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Is stress affecting your SME workforce?

POSTED: 4th March 2013
IN: Guides
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Small and medium-sized enterprises (SMEs) need to examine the health and wellbeing of their workforces to ensure everyone is in top condition for the efficient running of the business.

A survey of 500 SME decision makers, carried out on behalf of Zurich for its quarterly SME Risk Index, found 42 per cent of respondents felt stress had a noticeable impact on their business last year.

As many as 39 per cent of SME leaders questioned agreed the negative effects of stress, low morale and staff absence had hindered their overall business performance in 2012.

So it seems, small companies can truly suffer if their staff wellbeing is not maintained and looked after in the medium and long-term. 

The Zurich research also discovered 19 per cent of sampled SMEs said workforce absence levels have risen in the past two years, which could impact on their productivity.

Indeed, absences levels at small firms with ten to 49 employees rose 27 per cent in the past two years, as well as 30 per cent for companies with between 50 and 249 workers.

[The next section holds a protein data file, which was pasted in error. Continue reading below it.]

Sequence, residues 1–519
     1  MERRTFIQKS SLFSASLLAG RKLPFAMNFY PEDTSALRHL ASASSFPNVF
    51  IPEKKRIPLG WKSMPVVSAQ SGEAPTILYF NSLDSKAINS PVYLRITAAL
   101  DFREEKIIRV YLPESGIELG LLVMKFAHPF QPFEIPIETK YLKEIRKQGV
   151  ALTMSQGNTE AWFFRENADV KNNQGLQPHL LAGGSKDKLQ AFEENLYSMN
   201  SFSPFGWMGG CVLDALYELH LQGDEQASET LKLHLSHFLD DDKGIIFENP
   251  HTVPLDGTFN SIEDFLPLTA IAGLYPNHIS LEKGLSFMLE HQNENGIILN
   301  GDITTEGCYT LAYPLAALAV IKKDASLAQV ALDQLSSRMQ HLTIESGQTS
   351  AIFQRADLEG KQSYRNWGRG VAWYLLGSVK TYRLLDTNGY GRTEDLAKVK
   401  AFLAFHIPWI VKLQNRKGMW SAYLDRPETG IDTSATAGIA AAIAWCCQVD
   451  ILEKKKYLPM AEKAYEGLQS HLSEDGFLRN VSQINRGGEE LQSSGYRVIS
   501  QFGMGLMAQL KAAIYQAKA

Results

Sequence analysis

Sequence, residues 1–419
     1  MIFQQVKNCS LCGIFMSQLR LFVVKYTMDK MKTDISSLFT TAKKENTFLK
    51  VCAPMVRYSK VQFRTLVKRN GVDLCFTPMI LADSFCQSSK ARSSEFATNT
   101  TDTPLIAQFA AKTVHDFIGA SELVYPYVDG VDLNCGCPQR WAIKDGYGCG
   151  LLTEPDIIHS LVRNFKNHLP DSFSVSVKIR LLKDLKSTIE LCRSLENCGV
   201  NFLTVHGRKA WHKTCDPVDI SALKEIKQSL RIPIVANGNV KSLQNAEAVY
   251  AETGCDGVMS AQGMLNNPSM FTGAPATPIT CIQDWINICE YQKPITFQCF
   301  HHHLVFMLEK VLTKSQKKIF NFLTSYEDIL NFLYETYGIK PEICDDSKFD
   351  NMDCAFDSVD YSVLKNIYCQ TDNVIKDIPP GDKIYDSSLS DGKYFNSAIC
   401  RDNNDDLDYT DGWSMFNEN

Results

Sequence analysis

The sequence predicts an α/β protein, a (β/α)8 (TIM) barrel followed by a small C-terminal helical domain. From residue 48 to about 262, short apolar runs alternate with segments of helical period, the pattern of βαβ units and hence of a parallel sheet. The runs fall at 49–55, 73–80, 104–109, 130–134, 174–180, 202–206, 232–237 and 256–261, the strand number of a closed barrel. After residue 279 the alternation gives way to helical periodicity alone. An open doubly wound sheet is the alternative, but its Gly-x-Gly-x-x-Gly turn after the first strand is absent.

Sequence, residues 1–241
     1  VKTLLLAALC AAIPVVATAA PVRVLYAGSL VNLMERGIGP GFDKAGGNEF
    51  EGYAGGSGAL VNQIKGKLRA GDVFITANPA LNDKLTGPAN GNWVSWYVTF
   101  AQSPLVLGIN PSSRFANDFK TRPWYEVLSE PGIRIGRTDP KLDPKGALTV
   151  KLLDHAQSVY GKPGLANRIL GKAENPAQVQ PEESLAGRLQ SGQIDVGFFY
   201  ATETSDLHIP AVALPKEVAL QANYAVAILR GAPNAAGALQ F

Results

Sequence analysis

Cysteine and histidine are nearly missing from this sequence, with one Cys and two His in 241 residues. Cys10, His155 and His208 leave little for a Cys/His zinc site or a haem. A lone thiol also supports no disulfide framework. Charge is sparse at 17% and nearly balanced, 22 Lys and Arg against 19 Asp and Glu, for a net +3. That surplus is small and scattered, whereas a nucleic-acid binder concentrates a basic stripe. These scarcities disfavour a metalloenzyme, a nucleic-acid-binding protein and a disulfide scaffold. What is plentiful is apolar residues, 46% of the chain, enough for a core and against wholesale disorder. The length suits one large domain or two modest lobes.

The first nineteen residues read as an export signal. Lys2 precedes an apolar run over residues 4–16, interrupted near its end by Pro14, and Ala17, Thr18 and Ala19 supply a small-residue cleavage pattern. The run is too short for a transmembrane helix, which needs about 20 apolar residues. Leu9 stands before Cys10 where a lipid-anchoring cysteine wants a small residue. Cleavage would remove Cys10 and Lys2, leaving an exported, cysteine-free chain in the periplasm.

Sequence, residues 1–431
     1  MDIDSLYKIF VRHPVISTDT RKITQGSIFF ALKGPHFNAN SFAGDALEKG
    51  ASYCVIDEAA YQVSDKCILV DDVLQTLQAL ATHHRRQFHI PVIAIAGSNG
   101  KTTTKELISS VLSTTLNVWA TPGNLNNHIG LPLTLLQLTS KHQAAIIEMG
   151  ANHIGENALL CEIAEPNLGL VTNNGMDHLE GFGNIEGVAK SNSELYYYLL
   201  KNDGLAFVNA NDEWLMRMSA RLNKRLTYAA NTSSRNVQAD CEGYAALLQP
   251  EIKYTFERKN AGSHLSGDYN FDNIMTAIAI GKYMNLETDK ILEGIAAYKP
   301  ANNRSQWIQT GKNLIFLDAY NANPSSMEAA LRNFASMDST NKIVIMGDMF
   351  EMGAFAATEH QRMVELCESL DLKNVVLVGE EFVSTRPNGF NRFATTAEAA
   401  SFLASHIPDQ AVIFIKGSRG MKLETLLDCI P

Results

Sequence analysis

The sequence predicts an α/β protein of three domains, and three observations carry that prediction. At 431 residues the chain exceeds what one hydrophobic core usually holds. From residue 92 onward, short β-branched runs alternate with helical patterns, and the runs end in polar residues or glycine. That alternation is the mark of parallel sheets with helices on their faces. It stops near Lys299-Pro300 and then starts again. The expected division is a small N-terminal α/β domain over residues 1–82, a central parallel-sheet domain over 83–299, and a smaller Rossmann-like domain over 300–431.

“These figures are strong evidence that addressing workforce challenges and risks is an essential part of achieving better performance and greater growth for British small businesses,” said Richard Coleman, director of SME at Zurich.

A quarter of businesses reported lower morale among their employees due to workplace stress in 2012, the report showed, with 47 per cent of respondents claiming to face more risk now than last year. 

“It is perhaps not surprising that the fragile business climate has had such an impact on workforce stress and morale, and if these issues aren’t addressed they could have serious long-term consequences for business stability and performance,” Mr Coleman added.

SMEs, therefore, may be well advised to assess the morale and stress levels of their workforce to ensure staff are content in their jobs, which is not only good for the individual but for the business as a whole.

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